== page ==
The senator handed the draft which he had worked on for days to his two aides. He intended to have them read it through, and polish it up following their advice.
One of the aides, however, said bluntly after a quick perusal, “It would be political suicide to give that speech.”
“He’s right, Senator,” chimed in another aide. “It’s just one clear-cut statement after another.”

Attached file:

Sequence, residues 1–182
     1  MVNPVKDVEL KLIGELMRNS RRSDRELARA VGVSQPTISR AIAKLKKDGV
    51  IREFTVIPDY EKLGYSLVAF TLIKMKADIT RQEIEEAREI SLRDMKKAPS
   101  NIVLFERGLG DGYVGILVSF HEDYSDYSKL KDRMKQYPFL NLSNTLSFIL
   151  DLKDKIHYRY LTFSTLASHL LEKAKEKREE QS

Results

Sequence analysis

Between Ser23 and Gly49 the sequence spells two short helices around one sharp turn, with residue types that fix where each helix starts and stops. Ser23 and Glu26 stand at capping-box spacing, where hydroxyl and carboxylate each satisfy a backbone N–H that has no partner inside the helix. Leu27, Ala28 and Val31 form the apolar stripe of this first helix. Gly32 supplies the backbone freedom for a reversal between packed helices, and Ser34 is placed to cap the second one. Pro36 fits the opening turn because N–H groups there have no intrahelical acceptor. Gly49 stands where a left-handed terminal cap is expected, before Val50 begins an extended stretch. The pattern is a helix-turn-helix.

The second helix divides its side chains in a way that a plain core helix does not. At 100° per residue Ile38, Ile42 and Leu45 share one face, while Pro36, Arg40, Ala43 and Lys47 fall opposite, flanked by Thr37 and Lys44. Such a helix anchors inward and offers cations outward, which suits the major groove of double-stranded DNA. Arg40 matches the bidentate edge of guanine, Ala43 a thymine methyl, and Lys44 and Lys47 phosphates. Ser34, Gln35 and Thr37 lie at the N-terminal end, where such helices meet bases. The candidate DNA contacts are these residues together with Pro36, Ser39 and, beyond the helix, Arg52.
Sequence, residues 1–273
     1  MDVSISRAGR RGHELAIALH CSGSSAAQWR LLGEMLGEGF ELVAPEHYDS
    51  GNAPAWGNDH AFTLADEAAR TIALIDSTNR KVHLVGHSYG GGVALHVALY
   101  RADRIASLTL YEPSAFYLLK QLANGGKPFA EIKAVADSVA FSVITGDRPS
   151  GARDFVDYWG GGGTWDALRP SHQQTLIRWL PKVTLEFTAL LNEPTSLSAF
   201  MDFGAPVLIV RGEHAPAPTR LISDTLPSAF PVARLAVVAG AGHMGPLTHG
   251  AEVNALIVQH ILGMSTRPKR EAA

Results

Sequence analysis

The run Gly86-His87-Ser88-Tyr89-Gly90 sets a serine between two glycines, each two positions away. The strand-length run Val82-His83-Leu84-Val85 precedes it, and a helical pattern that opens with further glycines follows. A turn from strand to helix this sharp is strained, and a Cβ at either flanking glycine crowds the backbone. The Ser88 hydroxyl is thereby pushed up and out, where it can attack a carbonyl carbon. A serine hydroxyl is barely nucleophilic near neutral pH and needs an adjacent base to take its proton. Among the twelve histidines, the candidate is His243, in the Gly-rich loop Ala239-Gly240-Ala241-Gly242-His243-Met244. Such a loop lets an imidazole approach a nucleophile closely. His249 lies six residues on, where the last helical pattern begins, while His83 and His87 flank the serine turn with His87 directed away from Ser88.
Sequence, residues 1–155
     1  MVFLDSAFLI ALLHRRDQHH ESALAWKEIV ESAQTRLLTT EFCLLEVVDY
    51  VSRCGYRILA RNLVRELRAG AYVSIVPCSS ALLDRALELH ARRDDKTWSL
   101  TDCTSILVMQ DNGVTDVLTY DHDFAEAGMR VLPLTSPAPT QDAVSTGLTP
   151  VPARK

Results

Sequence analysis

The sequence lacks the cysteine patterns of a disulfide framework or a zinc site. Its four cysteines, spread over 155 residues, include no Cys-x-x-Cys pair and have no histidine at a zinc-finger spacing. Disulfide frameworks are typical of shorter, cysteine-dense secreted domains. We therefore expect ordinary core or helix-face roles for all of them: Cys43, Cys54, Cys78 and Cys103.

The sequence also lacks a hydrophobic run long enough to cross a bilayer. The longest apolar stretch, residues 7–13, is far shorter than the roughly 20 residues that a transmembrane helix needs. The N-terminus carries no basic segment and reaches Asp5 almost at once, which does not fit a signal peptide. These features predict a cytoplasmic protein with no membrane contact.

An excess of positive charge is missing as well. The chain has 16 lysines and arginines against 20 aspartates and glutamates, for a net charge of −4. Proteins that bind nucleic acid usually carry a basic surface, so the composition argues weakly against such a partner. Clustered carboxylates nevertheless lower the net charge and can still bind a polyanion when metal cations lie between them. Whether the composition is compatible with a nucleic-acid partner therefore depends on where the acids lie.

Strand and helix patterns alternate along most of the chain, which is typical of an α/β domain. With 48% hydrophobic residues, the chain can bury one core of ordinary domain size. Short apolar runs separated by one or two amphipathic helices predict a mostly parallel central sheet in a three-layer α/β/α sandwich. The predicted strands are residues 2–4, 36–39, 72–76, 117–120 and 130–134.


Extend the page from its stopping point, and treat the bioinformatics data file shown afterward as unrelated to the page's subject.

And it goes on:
In the world of politics, where the senator places himself, you cannot tell if or when the less powerful person will turn the tables on the powerful one. To be able to immediately begin to befriend whomever acquired the powerful position, you always have to keep your way of thinking ambiguous as to whom you are in favor of. The senator had been aware of this ever since he stepped into the world of politics, but this time, he inadvertently wrote a draft in which he made his opinion crystal clear as a result of following his conscience. But as his aides pointed out, he would not survive once he made such a speech. He immediately began to rewrite the draft into one which was long and full of rhetoric, but consisting of one ambiguous phrase after another, and which no one would be able to understand with respect to what he really meant.